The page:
Dolls, fairies, and magic

Charlie_in_his_tuxedo_520x600
Jo here, Charlie by my side.

I’m off on my travels on Thursday, first to a conference in Ithaca, NY, then to New York for a bit of business, then to Ottawa for my son’s wedding. That’s why Charlie is so spiffy. Everyone agreed he had to be at the wedding, and as the best man etc are in white tux jackets and black pants, he had to be in style.

This may seem rather strange to you. I would first point out that I’m a writer. I let imaginary people live in my head and talk to me. Sometimes I talk back. Of course I married someone as weird as I am and genetics has to do its bit for the offspring. But we often wonder whether we have actually been hosting an alien these past 22 years. What better way to observe Earthlings in their natural habitat?

We certainly never planned to give a home to a Cabbage Patch doll. It was Christmas, 1984 and Cabbage Patch mania gripped the land. The stores had run out. If a store got a new shipment, people lined up and then fought each other for the boxes. It was ugly out there. Tickle-me-Elmo was a pale comparison. We had two sons, however, a toddler and a seven-year-old, so we were totally free of Cabbage Patch insanity.

Move on to the school Christmas fair. You know how it is. You buy a ticket for every raffle. Of course, when the grand prize of the evening was called — the solitary, precious CBK — our name was on the ticket. All around, little girls burst into tears and fretful parents gnashed their teeth. I headed for the stage intending to ask them to draw again, but by the time I’d fought against the exiting crowd nearly everyone was gone. So I took the box and left.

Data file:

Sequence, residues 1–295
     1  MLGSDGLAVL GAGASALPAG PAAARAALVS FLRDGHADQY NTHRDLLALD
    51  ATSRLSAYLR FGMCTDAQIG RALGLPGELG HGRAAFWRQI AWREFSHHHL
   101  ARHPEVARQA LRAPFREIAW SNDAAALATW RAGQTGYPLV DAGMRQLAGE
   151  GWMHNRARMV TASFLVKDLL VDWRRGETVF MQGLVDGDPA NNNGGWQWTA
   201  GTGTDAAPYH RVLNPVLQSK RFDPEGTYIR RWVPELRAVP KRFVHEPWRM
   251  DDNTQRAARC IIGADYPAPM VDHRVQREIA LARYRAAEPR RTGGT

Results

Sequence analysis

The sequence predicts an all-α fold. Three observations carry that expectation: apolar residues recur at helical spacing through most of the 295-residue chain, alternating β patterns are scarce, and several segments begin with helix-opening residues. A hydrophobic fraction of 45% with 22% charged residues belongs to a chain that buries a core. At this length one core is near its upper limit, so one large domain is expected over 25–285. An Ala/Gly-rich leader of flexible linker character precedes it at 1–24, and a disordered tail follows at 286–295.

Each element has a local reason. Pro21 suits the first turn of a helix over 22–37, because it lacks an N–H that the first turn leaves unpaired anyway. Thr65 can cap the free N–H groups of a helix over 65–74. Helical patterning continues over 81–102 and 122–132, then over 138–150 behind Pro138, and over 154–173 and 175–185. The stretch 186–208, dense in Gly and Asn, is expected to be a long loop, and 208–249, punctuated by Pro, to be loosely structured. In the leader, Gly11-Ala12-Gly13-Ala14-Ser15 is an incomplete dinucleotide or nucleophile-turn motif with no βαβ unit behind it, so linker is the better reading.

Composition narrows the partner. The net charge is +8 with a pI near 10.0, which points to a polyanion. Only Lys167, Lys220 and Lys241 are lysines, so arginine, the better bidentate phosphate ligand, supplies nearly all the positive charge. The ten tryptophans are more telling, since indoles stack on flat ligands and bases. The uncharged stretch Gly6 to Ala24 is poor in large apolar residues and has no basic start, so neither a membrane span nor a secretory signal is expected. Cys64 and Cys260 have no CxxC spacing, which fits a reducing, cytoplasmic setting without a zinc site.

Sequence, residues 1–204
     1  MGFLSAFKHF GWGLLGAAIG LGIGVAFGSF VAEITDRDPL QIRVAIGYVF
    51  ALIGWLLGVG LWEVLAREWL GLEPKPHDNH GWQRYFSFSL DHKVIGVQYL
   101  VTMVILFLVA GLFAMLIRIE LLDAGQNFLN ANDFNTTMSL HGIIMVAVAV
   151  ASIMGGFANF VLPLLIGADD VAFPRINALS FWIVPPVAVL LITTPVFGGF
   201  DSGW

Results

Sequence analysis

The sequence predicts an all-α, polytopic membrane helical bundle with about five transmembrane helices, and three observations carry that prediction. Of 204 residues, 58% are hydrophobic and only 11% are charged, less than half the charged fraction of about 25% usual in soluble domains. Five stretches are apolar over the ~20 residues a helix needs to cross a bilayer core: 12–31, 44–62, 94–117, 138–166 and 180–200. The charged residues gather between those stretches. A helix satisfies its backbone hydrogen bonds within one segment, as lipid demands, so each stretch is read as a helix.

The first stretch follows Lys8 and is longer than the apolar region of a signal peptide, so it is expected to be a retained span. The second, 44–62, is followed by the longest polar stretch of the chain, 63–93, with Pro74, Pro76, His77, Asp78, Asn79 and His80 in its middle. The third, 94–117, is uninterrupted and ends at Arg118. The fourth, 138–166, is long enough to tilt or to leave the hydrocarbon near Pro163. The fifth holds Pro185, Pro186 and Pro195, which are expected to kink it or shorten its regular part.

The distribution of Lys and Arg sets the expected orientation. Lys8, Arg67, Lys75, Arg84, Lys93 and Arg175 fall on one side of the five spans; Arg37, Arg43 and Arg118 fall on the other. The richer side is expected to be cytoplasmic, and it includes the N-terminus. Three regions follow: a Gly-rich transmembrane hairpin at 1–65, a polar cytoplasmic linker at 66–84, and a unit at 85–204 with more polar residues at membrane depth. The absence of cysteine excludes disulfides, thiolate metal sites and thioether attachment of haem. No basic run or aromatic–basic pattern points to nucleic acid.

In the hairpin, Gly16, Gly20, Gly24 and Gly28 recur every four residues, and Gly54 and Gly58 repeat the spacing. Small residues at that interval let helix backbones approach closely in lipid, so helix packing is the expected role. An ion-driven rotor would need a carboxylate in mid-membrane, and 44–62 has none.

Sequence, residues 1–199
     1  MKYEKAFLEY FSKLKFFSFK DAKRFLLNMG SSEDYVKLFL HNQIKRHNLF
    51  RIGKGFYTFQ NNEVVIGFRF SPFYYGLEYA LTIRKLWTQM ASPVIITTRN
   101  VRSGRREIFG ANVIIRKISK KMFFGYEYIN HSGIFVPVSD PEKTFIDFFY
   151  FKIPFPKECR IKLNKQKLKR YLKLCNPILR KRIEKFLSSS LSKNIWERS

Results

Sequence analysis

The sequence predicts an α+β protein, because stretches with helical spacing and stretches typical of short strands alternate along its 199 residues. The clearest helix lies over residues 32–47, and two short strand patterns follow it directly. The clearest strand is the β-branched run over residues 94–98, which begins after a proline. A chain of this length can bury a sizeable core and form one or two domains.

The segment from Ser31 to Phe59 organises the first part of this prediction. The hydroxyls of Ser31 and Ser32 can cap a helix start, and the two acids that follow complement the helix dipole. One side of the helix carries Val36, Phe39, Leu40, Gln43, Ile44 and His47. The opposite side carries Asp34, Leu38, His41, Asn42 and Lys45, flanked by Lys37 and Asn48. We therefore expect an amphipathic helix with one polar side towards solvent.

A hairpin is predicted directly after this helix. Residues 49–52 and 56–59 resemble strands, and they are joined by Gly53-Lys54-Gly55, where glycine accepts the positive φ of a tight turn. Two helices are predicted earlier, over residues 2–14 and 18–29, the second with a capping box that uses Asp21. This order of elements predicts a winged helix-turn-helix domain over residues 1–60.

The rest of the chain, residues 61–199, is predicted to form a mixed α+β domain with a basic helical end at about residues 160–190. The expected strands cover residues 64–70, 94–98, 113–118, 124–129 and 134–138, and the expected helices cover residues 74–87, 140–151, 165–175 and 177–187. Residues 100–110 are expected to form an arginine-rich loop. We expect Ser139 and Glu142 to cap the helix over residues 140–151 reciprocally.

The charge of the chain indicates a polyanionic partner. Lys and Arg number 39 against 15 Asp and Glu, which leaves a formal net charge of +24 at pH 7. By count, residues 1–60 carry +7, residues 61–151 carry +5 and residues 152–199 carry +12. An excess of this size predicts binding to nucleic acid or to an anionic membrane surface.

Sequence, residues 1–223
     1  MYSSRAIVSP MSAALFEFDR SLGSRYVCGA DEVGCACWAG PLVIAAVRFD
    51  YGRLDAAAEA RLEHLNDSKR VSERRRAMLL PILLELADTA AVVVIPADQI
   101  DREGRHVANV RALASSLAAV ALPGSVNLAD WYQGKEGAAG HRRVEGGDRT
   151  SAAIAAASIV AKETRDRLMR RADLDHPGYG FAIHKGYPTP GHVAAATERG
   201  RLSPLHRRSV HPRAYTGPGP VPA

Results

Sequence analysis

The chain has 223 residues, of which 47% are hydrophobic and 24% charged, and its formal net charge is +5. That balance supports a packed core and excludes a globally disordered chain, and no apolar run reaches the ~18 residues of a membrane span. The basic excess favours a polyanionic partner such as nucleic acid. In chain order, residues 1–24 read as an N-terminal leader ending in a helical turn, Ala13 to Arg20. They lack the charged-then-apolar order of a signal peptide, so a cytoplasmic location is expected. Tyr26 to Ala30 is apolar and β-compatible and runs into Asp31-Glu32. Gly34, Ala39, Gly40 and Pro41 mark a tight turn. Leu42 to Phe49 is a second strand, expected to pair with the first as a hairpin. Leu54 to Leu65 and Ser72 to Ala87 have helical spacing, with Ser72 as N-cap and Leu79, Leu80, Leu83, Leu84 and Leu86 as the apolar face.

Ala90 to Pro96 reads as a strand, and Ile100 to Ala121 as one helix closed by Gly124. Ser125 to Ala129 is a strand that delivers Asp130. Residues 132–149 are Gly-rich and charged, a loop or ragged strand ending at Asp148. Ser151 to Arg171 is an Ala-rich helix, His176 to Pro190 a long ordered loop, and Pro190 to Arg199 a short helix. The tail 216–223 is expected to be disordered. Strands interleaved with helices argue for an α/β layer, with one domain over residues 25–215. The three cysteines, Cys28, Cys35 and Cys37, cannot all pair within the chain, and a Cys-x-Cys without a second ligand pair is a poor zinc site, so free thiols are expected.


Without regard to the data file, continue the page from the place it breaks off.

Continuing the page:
Clone
My first inkling of what had happened was when my son fretted that there wasn’t a baby seat for the boxed doll. Charlie had begun to weave his spell.

It wouldn’t have been the same at all, I’m sure, if he’d been a girl. I can’t imagine a Mandy with blond wool bunches sliding so smoothly into the family. In fact, he’s bald, and that, too, is part of his magic. That wool hair is so obviously false.